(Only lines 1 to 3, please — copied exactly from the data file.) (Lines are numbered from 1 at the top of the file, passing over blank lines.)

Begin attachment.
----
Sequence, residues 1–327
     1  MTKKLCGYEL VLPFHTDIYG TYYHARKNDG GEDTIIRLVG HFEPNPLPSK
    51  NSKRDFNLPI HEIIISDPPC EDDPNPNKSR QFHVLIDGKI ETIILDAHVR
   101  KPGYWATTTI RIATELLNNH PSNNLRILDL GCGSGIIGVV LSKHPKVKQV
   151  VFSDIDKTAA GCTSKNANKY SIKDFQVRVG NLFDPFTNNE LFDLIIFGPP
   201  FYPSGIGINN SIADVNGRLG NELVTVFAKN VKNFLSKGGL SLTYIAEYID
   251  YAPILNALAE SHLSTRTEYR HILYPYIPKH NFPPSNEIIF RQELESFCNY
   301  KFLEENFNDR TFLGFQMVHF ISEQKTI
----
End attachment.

Sequence, residues 1–327
     1  MTKKLCGYEL VLPFHTDIYG TYYHARKNDG GEDTIIRLVG HFEPNPLPSK
    51  NSKRDFNLPI HEIIISDPPC EDDPNPNKSR QFHVLIDGKI ETIILDAHVR